Beakers and bottles, dispensers and droppers, pipettes and Laboratory glassware. Labware like this used to be available in just one material–glass. A glass beaker may last indefinitely, as long as it isn’t dropped or heated too quickly or filled up with certain highly reactive chemicals.
But imagine if a chemist should boil some chemical brew? Enter Pyrex, a borosilicate glass that can be obtained from hot to cold extremes without breaking.
And how about the researcher who needs a huge selection of small vials, and doesn’t wish to spend the time or money to wash them between uses? Enter plastic–a material both cheap and disposable.
After which there’s the scientist who demands a beaker manufactured from something as inert as you possibly can. Behold Teflon, a polymer that reacts with only a few substances.
These are just some of the rapidly expanding choices available in glassware and plasticware for scientific labs. Glass is really a few millennia older than plastic, but both materials have distinct advantages. So when advances in glass and plastic technology continue, neither material seems in danger of becoming obsolete soon.
The oldest known glass objects are beads from Egypt that were made around 2600 B.C. While no 4,000-year-old beakers are saved to record, today’s pieces of laboratory glassware, with proper care, could become museum pieces–or maybe even always be utilized–in the year 2600 A.D.
In recent history, new plastics have pushed their distance to the formerly glass-dominated domain of labware. Furthermore, automation has reduced the role of glassware in many labs. But the glass industry has responded to advertise changes and it is not ready to be pushed out of your lab for good.
Reusable glassware hasn’t changed much over time, as outlined by Andrew LaGrotte, group marketing manager at Schott America Glass & Scientific Products Inc. of Yonkers, N.Y. “Whoever invented the essential shapes had some foresight, since these shapes remain used today,” he says. Scientists generally choose their labware based on specific applications and private preference. “The basic vessel utilized in the laboratory today, the beaker, can be purchased in a wide array of materials,” says John Babashak of Wheaton Scientific, operating out of Millville, N.J. Chemists can pick beakers made of a borosilicate glass for example Pyrex, plastic, or even platinum, based on the amount of heat and chemical resistance needed. Even beakers made from paper can be found, for paint chemists.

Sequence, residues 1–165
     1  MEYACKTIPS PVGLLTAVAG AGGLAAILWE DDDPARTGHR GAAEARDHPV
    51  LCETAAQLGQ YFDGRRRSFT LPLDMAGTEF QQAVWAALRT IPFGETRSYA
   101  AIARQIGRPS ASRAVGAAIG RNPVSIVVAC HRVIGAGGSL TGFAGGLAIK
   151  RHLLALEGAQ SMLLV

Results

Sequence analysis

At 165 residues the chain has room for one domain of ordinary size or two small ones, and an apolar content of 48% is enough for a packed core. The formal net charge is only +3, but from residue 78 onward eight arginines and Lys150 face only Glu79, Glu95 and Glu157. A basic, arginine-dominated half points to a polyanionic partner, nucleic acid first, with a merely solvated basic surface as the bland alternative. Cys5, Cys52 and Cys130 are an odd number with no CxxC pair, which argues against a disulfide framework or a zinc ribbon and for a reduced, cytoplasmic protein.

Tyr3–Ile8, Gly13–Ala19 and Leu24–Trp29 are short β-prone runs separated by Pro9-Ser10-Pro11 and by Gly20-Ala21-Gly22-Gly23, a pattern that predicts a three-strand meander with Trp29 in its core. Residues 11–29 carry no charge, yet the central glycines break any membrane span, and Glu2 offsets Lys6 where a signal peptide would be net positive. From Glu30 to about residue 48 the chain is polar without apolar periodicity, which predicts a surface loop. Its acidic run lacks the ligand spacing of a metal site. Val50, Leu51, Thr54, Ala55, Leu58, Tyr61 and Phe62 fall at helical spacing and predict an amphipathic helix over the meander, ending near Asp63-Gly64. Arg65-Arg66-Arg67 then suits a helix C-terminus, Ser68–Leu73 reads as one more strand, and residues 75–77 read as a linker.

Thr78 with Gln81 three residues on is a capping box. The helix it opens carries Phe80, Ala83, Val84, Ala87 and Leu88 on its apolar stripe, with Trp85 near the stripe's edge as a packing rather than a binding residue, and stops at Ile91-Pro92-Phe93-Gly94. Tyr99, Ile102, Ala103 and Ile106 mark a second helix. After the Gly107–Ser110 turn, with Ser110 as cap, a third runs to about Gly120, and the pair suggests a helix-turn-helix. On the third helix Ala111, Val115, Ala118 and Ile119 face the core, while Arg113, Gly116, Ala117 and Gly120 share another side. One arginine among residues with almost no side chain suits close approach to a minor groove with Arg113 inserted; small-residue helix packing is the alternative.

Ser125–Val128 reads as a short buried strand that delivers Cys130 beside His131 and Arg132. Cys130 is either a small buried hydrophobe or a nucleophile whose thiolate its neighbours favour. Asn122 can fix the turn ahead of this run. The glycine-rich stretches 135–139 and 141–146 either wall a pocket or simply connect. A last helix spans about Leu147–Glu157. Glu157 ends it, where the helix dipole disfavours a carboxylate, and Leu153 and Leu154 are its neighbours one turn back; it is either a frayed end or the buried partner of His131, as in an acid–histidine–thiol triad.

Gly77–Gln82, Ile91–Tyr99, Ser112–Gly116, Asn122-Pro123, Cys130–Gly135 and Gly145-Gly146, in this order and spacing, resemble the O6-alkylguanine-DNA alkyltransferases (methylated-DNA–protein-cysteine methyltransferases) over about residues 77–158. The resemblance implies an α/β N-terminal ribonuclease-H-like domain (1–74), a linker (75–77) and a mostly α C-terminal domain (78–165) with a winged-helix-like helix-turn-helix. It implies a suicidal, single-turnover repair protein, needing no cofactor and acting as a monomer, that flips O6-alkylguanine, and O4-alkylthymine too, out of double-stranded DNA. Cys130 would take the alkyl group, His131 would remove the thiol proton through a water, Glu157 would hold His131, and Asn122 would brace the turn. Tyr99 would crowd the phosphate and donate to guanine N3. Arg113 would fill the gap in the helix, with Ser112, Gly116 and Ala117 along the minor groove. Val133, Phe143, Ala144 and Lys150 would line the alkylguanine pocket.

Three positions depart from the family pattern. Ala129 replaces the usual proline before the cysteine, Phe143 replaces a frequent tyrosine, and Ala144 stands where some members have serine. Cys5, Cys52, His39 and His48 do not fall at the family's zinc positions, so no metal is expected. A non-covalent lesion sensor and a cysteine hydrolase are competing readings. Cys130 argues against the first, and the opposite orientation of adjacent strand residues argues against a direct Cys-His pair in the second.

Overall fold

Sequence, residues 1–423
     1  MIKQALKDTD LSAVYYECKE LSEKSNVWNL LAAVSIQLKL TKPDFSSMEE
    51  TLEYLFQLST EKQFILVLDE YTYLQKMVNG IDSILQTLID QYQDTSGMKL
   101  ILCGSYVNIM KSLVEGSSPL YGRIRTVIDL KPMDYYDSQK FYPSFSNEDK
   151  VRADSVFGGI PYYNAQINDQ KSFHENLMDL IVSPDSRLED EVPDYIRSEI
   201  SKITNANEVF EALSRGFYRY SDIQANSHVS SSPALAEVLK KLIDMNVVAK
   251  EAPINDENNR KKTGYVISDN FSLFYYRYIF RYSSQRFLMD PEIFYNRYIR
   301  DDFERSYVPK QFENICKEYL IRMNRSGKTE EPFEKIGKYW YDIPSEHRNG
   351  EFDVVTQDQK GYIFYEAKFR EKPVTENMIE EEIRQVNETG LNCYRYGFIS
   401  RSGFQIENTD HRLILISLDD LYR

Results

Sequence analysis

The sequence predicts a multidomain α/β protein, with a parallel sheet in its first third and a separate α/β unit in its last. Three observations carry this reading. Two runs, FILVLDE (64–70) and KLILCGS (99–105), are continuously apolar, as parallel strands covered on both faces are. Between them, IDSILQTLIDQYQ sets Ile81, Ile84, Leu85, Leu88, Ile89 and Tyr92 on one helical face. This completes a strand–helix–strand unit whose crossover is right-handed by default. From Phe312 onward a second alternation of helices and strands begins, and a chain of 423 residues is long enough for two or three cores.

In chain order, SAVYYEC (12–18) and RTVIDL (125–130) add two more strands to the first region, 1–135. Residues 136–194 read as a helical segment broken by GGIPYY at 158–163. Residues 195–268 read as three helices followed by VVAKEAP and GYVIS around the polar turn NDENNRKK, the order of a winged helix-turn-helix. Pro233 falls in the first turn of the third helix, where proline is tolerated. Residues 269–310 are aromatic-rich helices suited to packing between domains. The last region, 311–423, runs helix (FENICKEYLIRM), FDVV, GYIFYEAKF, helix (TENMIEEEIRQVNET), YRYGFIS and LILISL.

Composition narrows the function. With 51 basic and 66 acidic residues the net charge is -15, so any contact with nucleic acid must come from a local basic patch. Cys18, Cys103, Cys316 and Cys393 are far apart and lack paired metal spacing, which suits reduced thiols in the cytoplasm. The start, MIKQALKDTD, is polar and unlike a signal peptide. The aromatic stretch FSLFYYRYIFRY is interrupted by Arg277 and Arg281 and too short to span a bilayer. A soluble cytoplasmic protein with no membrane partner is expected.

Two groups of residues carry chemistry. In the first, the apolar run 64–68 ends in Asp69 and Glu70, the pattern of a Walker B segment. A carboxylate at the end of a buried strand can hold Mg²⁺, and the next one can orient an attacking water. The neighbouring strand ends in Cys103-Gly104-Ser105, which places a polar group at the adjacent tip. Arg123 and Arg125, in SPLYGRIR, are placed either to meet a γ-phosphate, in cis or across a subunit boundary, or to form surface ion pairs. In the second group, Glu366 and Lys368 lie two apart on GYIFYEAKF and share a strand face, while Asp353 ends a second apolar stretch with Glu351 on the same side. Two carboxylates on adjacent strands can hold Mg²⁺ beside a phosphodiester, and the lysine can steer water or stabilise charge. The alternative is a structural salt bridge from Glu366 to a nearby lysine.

But overall, scientists’ desire for pH paper has become reduced with the roll-out of unbreakable or single- use disposable plastic items, says Douglas Nicoll, vice president for technical services at Bellco Glass Inc. of Vineland, N.J. “This is especially valid with commodity [standard] items like tubes, beakers, Erlenmeyer flasks, and pipettes.”
An obvious drawback to glass in comparison with plastic is its tendency to break. “Folks are careful during use not to break glass, simply because this might expose them to a hazardous situation, like toxic agents, carcinogens, radioactive or biological hazards,” says Nicoll. This care fails to necessarily extend with other 36dexnpky of labwork, however. “By and far, the glass washing and preparation areas break one of the most glass,” he notes.
Although it isn’t a great strategy to the trouble of breakage, a lot of the smaller specialty companies do offer glass repair. A pricey component of ammeter –an automated buret, for instance–might be repaired for approximately half the expense of a fresh one, says Bob Cheatley, president of Cal-Glass for Research Inc., a Costa Mesa, Calif.-based company that does repairs as an element of its specialty glass business. “[Repaired items] don’t look nearly as good, but they’re as functional as when they were new.”
Despite the danger of breakage, glass has several positive aspects over plastic. Solvents, for instance, can dissolve some plastics, explains Nicoll. Some plastics are gas-permeable, so materials which could oxidize or experience a pH change are usually kept in glass containers. In addition, glass is a lot more easily sterilized than most plastics, says Frank Nunziata, sales manager for Pequannock, N.J.’s Bel-Art Products; so where there’s a sterility requirement, glass is utilized most regularly.